There has been controversy as to how much does diet and exercise really affect your skin, hair and nails. It is true, when you eat right, the chances of having better-looking, clearer skin, healthier hair and nails is greater. Improving your diet just by adding a few items can make all the difference in your skin’s quality.
Having a certain amount of healthy fats in your diet can lead to glowing skin however it is important to understand the difference between good fats and bad fats. Fats have a bad stigma; many people correlate them with weight gain and health problems. There are fats you should avoid including daily servings of in your diet such as saturated fats and trans fats that can be found in processed foods, cakes, cheeses, and any fried or greasy foods. Not only are these fats difficult to digest, but they also raise blood cholesterol concentrations which contributes to clogged arteries that block the flow of oxygen-rich blood to the heart and brain. But good fats, polyunsaturated fats are vessels for vitamins A, D, E, and K- also known as fat-soluble vitamins- making it easier for them to travel around the body. You can find these fats in salmon, trout, avocados, nuts, olive oil and other omega-3 fatty acids.
Certain vitamins, minerals and proteins are also significantly important supplements to the health and quality of your skin. Vitamins C and E for example, have anti-aging properties and can reduce skin cell damage, while the lack of vitamins B and A, your skin will look noticeably unhealthy. The combination of good fats to help transport the necessary vitamins, and making sure those necessary vitamins are made available for your body to improve health, will make a positive impact on the quality of your skin, hair and nails.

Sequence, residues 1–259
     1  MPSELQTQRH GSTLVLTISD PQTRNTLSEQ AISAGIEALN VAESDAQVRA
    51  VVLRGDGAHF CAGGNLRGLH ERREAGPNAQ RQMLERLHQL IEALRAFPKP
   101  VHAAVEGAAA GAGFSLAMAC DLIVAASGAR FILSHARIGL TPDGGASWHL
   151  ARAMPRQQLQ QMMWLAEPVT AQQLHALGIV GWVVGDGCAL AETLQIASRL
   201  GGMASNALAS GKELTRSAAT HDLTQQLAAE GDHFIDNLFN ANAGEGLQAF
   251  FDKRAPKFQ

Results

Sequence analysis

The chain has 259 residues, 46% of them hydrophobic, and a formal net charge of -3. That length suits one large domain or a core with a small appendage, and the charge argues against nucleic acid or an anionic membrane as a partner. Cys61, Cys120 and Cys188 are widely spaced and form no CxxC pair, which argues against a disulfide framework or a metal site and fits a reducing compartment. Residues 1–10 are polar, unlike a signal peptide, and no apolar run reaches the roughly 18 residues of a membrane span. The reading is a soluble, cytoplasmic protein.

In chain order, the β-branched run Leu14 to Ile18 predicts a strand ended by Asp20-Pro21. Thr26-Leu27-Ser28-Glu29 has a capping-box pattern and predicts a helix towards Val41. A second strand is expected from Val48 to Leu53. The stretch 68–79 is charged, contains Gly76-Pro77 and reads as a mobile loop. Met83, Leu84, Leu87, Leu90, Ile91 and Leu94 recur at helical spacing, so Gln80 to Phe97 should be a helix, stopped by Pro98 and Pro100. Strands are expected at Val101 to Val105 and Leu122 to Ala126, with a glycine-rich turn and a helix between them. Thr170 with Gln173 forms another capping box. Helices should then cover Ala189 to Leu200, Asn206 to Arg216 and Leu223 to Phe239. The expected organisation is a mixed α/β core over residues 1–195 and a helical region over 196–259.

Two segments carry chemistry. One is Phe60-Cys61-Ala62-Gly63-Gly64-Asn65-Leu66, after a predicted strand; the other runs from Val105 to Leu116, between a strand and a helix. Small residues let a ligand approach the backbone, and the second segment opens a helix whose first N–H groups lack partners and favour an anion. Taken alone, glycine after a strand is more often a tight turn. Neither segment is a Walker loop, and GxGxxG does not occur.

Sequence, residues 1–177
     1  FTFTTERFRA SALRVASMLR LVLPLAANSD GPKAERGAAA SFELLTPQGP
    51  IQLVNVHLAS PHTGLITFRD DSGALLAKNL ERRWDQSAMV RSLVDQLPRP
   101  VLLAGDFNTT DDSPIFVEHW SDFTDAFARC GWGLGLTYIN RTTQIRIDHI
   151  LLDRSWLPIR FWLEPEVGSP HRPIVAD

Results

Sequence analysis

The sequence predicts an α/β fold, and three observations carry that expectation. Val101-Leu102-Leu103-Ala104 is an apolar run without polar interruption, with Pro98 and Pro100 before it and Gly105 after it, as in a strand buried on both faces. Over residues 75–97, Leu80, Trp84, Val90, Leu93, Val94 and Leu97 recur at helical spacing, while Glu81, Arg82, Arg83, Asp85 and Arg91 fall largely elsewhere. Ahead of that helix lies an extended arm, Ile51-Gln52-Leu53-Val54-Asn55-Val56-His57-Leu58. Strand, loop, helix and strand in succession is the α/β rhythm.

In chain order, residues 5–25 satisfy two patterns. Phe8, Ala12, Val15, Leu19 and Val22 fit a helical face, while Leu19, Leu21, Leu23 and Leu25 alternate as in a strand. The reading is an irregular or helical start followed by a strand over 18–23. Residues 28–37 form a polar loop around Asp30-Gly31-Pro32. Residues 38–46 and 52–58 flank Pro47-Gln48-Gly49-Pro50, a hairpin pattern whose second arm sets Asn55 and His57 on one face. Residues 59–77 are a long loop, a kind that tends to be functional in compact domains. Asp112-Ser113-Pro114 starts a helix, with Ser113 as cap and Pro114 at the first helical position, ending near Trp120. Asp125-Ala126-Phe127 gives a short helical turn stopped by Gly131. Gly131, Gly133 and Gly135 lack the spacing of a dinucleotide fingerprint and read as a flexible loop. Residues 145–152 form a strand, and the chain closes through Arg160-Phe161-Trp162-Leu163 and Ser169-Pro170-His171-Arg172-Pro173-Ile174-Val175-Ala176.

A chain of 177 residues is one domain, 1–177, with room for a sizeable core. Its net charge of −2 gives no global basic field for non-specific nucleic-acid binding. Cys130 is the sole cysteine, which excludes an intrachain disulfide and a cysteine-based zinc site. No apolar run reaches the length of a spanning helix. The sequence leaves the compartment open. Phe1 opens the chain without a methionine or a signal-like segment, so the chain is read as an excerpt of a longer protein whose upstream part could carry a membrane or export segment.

Poor nutrition, for example, can lead to hair loss and weak, brittle nails. Including protein from eggs, beans, seafood, nuts and leans cuts of meat and poultry can help improve hair and nails, while iron from red meat, leafy greens, artichokes and lentils has been known to help stave off hair loss.
It should be noted that diet alone cannot always cure skin conditions, and if a skin condition presents itself, you should seek Dr. Rokhsar’s care and advice. If you do have eczema, a chronic skin condition characterized by itchy, dry, red skin, consuming eggs, milk, soy, peanuts, fish and wheat has be known to worsen the skin. Although specific foods do not cause acne, there are foods that will cause acne flare-ups such as chocolate, greasy foods, sodas and shellfish.
Exercise is a very important factor in not only the health of your skin, but for many other major organs in your body. Exercise improves circulation throughout the body while expelling toxins out of the body through sweating, which also cleans the skin’s pores. Of course showering immediately after exercise is important so the body cleans itself of any sweat left behind, and scrubbing the face followed by moisturizer can help the skin improve healing from acne. Exercising for 30 minutes, four times a week will regulate over-active hormones that may cause acne and aerobic exercise has been known to calm down excess hormone production, such as that seen in acne flare-ups.
New York Dermatologist, Dr. Cameron Rokhsar is a fellowship-trained doctor with extensive experience in skin health. He can effectively advice patients on their medical and cosmetic concerns. As an acne scar treating expect, Dr. Rokhsar has a significant amount of laser experience to treat facial scars gently, while improving the skin’s healing process.